Importing Resources

by Jon (Updated on 2015-10-12)


  • Introduction
  • The Two Methods
  • Importing Animations
  • Importing Tilesets
  • Importing Backgrounds
  • Importing Sounds
  • Importing Behaviors


Importing resources is a key part of the Stencyl workflow. This article talks about the various ways of pulling in graphics, sounds and other resources into your game.

The Two Methods

In general, you can import resources through one of the following methods.

  1. Picking a file from the file system
  2. Drag and Drop from the file explorer

The remainder of this article links to articles that talk specifically about how you import each resource type.

Importing Animations

Animations are visual states for Actors.

Read our article on Animations to learn how to import them.

Importing Tilesets

Tilesets are collections of Tiles, the building blocks for scenes/levels.

Read our article on Tilesets & Tiles to learn how to import them.

Importing Backgrounds

Backgrounds are large images that usually scroll alongside a scene, either entirely behind or in front of a scene.

Read our article on Backgrounds to learn how to import them.

Importing Sounds

Sounds represent clips of sound effects or entire music tracks.

Read our article on Sounds to learn how to import them.

Importing Behaviors

Besides creating new behaviors on your own, Behaviors can come in from two sources.

  1. Local File System
  2. From our pre-shipped collection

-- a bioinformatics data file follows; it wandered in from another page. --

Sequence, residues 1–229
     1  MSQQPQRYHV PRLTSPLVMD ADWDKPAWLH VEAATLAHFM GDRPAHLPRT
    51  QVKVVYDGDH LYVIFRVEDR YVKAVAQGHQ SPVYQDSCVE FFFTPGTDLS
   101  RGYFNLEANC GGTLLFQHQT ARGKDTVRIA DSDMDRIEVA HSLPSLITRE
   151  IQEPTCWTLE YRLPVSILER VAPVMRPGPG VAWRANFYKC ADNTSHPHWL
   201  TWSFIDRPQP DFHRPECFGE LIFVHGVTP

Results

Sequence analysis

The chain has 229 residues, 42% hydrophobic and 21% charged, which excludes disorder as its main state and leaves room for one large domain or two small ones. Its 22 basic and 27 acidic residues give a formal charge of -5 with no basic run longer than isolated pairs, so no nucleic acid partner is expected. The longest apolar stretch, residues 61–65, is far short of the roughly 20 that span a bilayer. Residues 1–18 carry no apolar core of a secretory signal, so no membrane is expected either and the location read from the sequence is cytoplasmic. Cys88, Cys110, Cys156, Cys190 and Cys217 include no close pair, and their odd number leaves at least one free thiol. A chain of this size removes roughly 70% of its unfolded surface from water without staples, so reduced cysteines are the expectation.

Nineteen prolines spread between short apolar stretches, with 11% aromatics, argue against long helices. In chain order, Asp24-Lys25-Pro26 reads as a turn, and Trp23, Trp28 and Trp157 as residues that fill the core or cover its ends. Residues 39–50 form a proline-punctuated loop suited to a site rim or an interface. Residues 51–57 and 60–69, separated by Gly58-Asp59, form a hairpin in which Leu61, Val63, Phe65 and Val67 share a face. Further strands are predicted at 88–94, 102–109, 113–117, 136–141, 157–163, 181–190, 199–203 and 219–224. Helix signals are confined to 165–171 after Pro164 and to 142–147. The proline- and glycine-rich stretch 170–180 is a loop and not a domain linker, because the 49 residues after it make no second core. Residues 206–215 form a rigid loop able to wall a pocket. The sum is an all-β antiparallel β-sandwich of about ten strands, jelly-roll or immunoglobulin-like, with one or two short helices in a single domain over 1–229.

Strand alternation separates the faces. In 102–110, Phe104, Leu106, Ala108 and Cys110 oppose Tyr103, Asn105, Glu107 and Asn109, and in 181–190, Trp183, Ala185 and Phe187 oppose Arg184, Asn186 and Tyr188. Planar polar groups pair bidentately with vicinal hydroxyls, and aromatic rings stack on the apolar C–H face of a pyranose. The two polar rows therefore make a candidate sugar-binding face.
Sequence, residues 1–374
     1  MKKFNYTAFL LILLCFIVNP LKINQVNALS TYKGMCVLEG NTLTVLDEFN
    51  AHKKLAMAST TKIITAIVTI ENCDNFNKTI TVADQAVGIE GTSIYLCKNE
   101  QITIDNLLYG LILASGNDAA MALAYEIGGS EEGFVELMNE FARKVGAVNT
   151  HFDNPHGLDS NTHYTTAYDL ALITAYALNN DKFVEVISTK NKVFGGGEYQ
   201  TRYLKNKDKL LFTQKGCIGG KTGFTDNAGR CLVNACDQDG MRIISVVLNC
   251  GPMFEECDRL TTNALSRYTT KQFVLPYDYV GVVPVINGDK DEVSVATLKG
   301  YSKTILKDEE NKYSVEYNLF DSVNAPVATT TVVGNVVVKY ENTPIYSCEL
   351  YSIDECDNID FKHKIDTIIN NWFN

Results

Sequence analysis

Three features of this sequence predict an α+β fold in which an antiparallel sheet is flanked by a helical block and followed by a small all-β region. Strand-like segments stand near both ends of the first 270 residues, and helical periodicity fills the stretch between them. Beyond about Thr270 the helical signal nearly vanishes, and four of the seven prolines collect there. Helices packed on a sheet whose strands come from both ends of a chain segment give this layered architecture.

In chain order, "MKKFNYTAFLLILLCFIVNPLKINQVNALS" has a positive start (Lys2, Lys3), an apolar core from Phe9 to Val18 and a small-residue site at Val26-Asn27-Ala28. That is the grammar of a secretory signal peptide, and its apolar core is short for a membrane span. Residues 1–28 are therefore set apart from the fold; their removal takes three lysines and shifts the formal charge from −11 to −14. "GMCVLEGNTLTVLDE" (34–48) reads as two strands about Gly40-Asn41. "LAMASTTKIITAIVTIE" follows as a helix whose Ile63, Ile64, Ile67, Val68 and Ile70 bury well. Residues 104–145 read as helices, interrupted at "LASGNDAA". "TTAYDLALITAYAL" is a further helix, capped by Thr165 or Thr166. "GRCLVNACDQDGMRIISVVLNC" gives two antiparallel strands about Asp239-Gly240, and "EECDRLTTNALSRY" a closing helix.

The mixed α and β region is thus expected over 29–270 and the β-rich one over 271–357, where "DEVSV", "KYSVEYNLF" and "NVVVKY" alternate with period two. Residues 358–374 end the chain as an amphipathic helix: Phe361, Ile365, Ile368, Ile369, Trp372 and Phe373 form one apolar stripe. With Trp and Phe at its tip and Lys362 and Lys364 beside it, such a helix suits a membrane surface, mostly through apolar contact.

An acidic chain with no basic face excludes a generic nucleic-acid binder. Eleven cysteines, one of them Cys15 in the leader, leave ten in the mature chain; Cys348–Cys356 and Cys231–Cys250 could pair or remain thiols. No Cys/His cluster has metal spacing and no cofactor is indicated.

To import Behaviors from your computer, click Import... in the top toolbar and pick out the Behavior. Behaviors are PNG files embedded with metadata.

To import a pre-shipped behaviors, read this article.

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The Lord
how can i make my own tilesets?

0 8 months, 6 days ago
I need to put a game on MY games

0 10 months, 1 week ago
Should the link below "Sounds represent clips of sound effects or entire music tracks." be "Read our article on SOUNDS to learn how to import them."?

0 1 year, 2 months ago
Frequently suggested but not available yet because there are lot of corner cases to think about. For example, if you cross games, what do you do about actors and the behaviors? Do you import the behaviors too? It's a messy design problem.

My sense is that the real question is people wanting to work in teams, working on the same base game and sharing levels between each other. If that's the case, then we have a more targeted and manageable solution for that down the road.

0 1 year, 10 months ago
Is there an easy way to import entire scenes and/or games INTO another game? If not... That would be a wonderful enhancement imo.
0 2 years, 9 months ago

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